The ICH: Making Homelessness Rare, Brief, and Non-Recurring in D.C.

There are any number of reasons a woman may find herself at the doors of N Street Village, including mental health, addiction, history of trauma, job loss, or domestic violence, but as you know the root cause rarely come down to a single thing.

Homelessness is the visible symptom of a compounded number of systemic issues with no easy solution.

That’s why in 2005, the Interagency Council on Homelessness in D.C., often referred to as the “ICH,” was formed. N Street Village is proud to be a member and participate in a number of workgroups and meetings. Our CEO, Schroeder Stribling, was appointed by the Mayor to the Council in 2006 and continues to serve as the Co-Chair of the Executive Committee.

The ICH represents the infrastructure of the District and Mayor Bowser’s collective efforts to prevent and end homelessness.

Representatives from government organizations, service providers, advocates, formerly homeless leaders, and community members come together to facilitate interagency coordination with regard to planning, policymaking, program development, and budgeting for the homeless services system. The ICH’s current strategic plan, Homeward D.C., has a goal of making chronic homelessness in the District rare, brief, and non-recurring.

This goal truly takes a Village and many of these meetings are open to the public. To find events near you or to get involved, visit

2018 SHERO Walk Highlights!

The Village SHEROs came out in full force for the SHERO Walk last month! With the help of our full community, we raised nearly $80,000. We celebrated the morning with dancing, arts and crafts, and a two mile walk to visit Erna’s House and the Patricia Handy Place for Women. Together, you ensured that N Street Village can meet each woman at the door with dignity and hospitality.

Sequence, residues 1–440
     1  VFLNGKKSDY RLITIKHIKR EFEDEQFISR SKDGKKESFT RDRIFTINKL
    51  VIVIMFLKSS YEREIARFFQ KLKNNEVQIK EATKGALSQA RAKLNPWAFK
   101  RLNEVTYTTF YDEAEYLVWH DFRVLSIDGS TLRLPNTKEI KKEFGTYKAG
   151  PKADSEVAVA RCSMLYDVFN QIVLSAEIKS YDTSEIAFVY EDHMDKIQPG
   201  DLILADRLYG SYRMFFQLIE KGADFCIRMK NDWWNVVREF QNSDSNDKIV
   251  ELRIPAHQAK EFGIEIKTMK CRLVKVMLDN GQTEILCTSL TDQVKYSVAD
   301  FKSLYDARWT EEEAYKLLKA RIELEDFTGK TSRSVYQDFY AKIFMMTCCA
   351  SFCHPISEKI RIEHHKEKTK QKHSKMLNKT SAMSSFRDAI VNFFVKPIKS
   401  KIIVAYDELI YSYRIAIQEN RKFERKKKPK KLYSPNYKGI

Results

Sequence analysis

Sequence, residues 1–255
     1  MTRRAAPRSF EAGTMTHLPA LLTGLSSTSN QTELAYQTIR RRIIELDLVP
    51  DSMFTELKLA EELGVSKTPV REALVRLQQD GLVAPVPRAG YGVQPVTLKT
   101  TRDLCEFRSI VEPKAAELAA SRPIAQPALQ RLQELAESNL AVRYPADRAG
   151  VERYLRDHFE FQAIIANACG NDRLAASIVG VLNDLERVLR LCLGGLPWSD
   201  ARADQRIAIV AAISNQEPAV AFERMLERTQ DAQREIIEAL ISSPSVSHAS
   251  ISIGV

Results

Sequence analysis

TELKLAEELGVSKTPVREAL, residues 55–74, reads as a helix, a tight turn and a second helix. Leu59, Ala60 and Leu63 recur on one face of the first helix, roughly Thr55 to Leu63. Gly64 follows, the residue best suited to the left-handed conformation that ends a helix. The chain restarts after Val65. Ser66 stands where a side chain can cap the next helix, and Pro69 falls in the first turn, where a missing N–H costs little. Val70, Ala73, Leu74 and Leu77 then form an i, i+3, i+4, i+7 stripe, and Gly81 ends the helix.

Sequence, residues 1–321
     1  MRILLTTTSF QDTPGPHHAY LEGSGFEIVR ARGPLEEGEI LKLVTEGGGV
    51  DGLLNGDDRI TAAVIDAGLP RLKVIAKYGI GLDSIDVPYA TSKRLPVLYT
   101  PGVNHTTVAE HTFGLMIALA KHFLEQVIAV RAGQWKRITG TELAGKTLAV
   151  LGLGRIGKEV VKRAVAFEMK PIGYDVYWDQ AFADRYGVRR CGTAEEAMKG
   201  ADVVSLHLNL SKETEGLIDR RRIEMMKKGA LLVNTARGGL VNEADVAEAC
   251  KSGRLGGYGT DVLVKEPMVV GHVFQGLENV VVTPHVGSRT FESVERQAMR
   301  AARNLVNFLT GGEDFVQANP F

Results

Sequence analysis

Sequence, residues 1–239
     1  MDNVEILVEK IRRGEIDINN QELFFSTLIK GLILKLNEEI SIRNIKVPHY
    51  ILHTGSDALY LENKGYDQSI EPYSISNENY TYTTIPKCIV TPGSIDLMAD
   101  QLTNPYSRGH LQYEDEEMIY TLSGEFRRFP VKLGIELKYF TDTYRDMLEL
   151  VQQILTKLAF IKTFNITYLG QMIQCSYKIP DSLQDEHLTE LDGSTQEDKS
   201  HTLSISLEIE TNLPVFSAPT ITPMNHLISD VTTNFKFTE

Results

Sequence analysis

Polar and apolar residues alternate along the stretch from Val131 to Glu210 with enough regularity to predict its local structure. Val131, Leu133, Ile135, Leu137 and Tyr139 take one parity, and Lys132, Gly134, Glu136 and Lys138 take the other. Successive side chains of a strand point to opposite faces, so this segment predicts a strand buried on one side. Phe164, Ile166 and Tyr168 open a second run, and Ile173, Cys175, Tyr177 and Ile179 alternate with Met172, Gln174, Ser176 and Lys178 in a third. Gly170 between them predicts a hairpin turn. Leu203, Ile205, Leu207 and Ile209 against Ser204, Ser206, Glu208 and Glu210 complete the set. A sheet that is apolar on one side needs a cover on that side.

Cindy and Mark Aron | International Building Services | Marcia and Chuck Solem

Caped Crusader
Carolyn Arpin and Benjamin Sacks | Robin Halsband and Jeremy Spector | Korth Construction |
Margaret and Gary Maring | Dale McDaniel | Portia and Joseph Migas | Ashell and Larry Robertson | Mary Sophos |
Ruth and Arne Sorenson

Village Friend
Hillary and Tom Baltimore | Patrick Callahan | The Conrad Group | Joan and Gene Durman | Nancy Hartsock | Loeb & Loeb | Susie Moore | Andrea and Scott Ponsor | Judy and John Ritz | Florence Roach | Peggy Sparks | Jeanne Specchio | Amy and Mark Tereck | Thompson Hine LLP

Special Thanks
Alicia Coshan (Decoy) | Lee’s Flowers and Gifts | Outdoor Voices | Philz Coffee | Pret a Manger | Sotto

A Letter from Our CEO: Finding Hope in Current Events

Last Thursday, the Village hosted a conversation on racial equity with Tamara Copeland, author of Daughters of the Dream and President of the Washington Regional Association of Grantmakers, and Laurie Williams, N Street Village Manager of Food Services

I asked them about the role of hope in our present troubled times, and their responses resonated with our whole group.

“Permission has been given,” they said, “for bigotry and bias to show itself in the public square. Whether it is tolerance for police violence against Black men, or dismissal of the impact of sexual violation of women, or voter suppression, or attempts to “cancel” transgender as a recognized identity, we are living in a time when hatred has been invited out of the shadows.”